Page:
Appearing on CNN’s State of the Union on Sunday, Senator Ben Sasse (R-NE) made two salient points that bear mentioning.

First, Sasse and host Jake Tapper had the following exchange about the GOP health care bill, and the CBO scoring of the bill:

TAPPER: [The] CBO, in a January analysis, said that repealing Obamacare without replacing it at the same time would result in 32 million more uninsured by 2026. Obviously, millions would be choosing not to have insurance, but also millions of them would lose Medicaid, or would no longer be able to afford private insurance because the stipends Obamacare offers. Your strategy is that there would be a plan for them, that the repeal will be delayed, but isn't that kind of gambling with other peoples’ health? You are relying on, counting on the Senate to get its act together. What if it doesn't, and then all these people have nothing?

SASSE: So first of all, you're exactly right. We're talking about something different than what they're talking about, [because] I'm not talking about repeal only. Republicans need to stop pretending that everything worked well in American health care before 2009 and 2010, when Obamacare was passed, and Democrats, frankly, need to stop pretending that Obamacare's working. When you're back here in rural Nebraska, I talked to farmer after farmer after farmer over the last week who are now paying between $20,000 and $30,000 a year in health expenditures because Obamacare's promise of reduced premiums — $2,500 per family — wasn't true. It raised them on average nationally in the individual insurance market more than $3,200 — that's a $5,700 delta over what President Obama promised.

CBO is filled with lots of well-meaning people, and they're good at certain kinds of analysis, but analyzing macro, long-term, highly complex dynamic social programs, they've almost never been right. Remember, when they scored — the equivalent of CBO in the mid-1960's — scored what Medicare would cost in its first decade, they were off by 1,100%. It cost 11 times as much in the first decade as they projected. Regularly, government scorekeepers underestimate costs and overestimate coverage. We need to do better than Obamacare. ... Republicans gave their word they were going to repeal. We should do it; we should delay its implementation date, and all 100 Senators should get before the American people, on camera, 18 hours a day for all of August, and we should do better than Obamacare. We can, we promised it, and the people deserve it.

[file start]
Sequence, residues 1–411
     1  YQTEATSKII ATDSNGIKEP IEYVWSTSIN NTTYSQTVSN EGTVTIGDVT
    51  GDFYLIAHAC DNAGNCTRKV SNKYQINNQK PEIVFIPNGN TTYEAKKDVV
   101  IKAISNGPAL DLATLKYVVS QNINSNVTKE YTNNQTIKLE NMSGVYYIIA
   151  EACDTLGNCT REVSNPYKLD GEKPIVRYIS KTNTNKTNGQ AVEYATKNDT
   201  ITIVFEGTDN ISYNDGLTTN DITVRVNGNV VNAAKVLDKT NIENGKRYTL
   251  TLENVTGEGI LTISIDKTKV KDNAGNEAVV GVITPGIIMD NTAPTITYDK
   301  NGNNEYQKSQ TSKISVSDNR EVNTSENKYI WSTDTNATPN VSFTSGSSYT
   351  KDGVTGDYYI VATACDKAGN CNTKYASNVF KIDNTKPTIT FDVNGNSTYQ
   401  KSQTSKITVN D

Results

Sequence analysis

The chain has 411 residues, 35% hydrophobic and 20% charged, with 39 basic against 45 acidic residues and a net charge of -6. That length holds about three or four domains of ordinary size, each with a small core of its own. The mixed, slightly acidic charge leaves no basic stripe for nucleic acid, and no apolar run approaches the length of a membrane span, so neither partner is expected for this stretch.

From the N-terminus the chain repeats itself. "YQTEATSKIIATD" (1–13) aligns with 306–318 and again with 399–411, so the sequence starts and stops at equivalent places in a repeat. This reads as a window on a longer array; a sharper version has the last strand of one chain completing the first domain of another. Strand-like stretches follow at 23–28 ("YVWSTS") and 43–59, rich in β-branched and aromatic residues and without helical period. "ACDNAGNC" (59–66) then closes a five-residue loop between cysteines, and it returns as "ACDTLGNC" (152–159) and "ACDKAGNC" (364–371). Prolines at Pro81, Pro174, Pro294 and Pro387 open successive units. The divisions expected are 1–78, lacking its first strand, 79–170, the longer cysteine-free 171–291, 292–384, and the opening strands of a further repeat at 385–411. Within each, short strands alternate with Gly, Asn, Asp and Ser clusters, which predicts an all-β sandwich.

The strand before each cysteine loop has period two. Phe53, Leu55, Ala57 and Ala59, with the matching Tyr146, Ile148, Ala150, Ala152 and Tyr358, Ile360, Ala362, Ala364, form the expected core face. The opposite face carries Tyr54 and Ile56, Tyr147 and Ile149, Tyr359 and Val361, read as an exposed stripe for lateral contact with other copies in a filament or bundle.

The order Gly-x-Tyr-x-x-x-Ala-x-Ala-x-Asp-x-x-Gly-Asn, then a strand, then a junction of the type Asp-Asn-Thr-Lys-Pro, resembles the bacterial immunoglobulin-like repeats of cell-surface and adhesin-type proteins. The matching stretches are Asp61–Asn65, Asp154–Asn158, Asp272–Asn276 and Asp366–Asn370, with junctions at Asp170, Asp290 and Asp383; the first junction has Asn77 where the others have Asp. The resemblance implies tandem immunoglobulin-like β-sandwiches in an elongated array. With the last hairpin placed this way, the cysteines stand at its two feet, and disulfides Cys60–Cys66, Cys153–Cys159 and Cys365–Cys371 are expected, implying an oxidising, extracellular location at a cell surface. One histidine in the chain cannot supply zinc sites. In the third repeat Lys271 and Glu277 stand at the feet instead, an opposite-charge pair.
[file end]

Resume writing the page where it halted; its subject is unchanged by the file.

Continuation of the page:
The second truth bomb came when Tapper asked Sasse about President Trump’s recent tweets: "Senator, does this trouble you at all?"

SASSE: Sure. I mean, there's an important distinction to draw between bad stories or crappy coverage and the right that citizens have to argue about that and complain about that, and trying to weaponize distrust. The first amendment is the beating heart of the American experiment, and you don't get to separate the freedoms that are in there.

There are five freedoms that are in the First Amendment — religion, speech, press, assembly, and protest. You don't have religion without assembly, you don't have speech without press. We all need to celebrate all five of those freedoms because that's how the e pluribus unum stuff works, right? We differ about really big and important things in this country, and then we come together around the First Amendment, which is an affirmation of the fact that people are free before government.

I mean, this is the Fourth of July weekend. The Declaration of Independence is pretty dang clear about this, that we think government is just our shared tool to secure those rights that we have by nature, and so we need to affirm those rights. We need to do that civic and catechetical stuff to teach the next generation what America is about. ...

Tapper pressed Sasse: "You talked about weaponizing distrust. Could you expand on that? It sounds like you're saying this is more than just lashing out; this is a strategy by the president so as to sow seeds of mistrust in anyone who provides any critical coverage."

SASSE: … the reality is, journalism is really going to change a lot more in the digital era. And we have a risk of getting to a place where we don't have shared public facts. A republic will not work if we don't have shared facts. I'm the third most conservative guy in the Senate by voting record, but I sit in Daniel Patrick Moynihan's desk on the floor of the U.S. Senate on purpose because he's the author of that famous quote that you're “entitled to your own opinions, but you're not entitled to your own facts.” The only way the republic can work is if we come together, and we defend each other's rights to say things that we differ about; we defend each other's rights to publish journalism and pieces and things that we then want to argue about.

I agree with the president that there is a lot of crappy journalism out there. Jake, I think you would agree that there is a whole bunch of clickbait out there in the world right now. Barriers to entry to new journalism are going to go down down down, and so it is going to be possible in the next three and five and ten years for people to surround themselves only with echo chambers and silos of people that already believe only what they believe. That's a recipe for a new kind of tribalism, and America won't work if we do that.

So we need to come together as a people, and reteach our kids what the First Amendment is about. And it's not helpful to call the press the "enemy of the American people." There are a whole bunch of particular journalists who should be called out for particular stories that aren't good enough; there should be journalistic ethics and integrity; journalistic agencies and media organizations should admit when they make mistakes, and they should issue corrections, and they should fire people — and we've seen a little bit of that the last week, and that's a good thing.